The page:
Occasionally after children have received dental treatment an ulcerative sore on the gums or inside the mouth may occur. This sore is known as an aphthous ulcer or canker sore. It appears as a round yellowish or whitish ulceration on the lips, cheeks, tongue, and/or floor of the mouth. It can be single or multiple in number. The area is often painful. The child will not have a fever and will not feel sick.
The exact cause of canker sores is unknown. However, it is believed that certain immune factors such as stress, chemical or physical insult, food or liquid sensitivity, change in sleeping patterns, etc., all of which dental treatment can naturally affect, can induce the formation of canker sores. Even biting the inside of the cheek or tongue, brushing, flossing, or chewing sharp, hard foods can trigger a canker sore. These sores are not contagious.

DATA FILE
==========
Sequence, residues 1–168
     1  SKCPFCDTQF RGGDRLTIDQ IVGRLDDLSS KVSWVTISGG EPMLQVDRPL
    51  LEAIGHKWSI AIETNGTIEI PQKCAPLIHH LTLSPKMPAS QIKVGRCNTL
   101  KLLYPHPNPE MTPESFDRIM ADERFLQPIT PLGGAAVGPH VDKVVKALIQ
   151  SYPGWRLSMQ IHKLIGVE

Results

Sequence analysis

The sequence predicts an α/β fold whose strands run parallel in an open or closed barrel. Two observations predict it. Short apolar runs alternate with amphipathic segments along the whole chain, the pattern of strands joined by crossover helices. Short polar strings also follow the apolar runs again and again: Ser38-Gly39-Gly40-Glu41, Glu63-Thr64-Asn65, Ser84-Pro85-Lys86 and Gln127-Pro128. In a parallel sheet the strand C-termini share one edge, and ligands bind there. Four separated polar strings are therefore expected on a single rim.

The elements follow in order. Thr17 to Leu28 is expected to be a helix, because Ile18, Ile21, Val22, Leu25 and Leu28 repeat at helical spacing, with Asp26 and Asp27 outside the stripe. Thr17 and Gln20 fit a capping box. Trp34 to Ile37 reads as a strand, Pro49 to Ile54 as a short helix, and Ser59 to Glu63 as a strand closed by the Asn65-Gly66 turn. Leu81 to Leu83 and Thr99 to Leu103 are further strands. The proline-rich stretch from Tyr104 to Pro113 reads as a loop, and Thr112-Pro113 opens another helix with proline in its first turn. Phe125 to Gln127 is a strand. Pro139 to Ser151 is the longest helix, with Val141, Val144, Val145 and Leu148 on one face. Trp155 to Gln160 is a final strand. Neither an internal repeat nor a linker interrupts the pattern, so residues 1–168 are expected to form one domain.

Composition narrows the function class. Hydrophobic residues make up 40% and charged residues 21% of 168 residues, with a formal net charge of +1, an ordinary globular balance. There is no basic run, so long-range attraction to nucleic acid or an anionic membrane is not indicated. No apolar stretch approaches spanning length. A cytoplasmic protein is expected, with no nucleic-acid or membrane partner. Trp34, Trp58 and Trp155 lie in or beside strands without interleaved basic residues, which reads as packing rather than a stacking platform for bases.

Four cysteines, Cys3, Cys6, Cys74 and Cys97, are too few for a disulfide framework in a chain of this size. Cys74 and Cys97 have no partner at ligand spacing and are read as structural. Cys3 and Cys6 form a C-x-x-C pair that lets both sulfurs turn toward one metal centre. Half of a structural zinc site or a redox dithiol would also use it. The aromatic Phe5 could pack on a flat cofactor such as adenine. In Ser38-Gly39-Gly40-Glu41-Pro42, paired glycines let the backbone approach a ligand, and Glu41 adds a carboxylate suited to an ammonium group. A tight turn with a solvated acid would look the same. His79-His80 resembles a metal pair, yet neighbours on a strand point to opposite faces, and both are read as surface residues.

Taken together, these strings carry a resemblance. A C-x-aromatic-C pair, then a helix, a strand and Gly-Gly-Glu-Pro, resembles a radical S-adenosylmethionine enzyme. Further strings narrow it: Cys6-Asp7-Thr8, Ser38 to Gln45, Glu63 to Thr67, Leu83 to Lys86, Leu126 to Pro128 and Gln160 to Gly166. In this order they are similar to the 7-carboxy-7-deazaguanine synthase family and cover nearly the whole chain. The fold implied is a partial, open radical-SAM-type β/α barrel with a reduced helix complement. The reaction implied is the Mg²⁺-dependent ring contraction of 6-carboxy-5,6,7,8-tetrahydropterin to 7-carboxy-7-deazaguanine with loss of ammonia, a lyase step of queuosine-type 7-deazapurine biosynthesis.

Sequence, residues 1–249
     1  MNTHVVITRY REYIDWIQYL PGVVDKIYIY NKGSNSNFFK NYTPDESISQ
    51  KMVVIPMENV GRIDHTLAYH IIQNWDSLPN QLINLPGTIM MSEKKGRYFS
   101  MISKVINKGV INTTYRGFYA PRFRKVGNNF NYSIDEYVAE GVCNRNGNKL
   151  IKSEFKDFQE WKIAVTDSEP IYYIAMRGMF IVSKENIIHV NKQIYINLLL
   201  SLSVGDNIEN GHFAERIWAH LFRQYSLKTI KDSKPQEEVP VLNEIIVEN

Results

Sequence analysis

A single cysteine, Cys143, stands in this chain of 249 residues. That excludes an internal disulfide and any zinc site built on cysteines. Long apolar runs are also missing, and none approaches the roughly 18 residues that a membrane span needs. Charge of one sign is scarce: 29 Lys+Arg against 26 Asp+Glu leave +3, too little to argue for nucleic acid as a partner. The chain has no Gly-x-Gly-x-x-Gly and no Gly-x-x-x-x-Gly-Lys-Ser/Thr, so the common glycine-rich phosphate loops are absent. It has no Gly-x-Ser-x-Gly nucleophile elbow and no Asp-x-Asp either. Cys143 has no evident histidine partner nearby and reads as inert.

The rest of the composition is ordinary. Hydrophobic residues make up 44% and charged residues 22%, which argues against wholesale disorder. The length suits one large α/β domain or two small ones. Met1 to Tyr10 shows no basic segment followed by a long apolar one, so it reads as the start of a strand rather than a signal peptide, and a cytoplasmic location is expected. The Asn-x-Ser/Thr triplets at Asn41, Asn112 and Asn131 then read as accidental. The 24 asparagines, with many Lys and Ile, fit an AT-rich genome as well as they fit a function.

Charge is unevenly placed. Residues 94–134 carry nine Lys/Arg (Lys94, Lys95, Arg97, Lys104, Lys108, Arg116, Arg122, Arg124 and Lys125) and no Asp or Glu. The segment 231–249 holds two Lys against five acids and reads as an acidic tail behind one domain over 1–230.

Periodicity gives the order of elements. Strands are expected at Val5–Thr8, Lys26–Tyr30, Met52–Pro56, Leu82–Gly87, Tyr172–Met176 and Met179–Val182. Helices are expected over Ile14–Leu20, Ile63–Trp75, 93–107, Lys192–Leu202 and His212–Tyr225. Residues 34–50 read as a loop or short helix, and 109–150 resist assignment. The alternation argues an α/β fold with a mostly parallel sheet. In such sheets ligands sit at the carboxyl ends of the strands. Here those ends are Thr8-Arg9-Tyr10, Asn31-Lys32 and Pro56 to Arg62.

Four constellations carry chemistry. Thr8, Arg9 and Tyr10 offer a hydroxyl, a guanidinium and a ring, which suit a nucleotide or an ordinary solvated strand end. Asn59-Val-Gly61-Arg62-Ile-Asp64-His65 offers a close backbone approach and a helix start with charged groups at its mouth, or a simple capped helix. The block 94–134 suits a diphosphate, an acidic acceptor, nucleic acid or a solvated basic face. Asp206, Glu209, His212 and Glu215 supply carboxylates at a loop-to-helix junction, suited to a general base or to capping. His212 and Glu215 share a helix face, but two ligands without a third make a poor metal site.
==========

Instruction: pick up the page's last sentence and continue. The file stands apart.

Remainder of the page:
Treatment is primarily symptomatic and palliative, focusing on making the child more comfortable eating and drinking. An over-the-counter topical paste such as Orabase by Colgate or Zilactin can be applied to the ulcer two to four times a day especially before meals. This will protect and cover the ulcer from irritation by liquids or foods and allow the ulcer to heal spontaneously. With or without medication, healing will take about seven to ten days.
Avoid salty, spicy, or hot liquids and foods. Toothpaste may cause irritation to the ulcer, but every effort to keep the surrounding area and teeth clean is essential. An over-the-counter, aspirin-free analgesic medication may be used as necessary according to product directions for pain relief.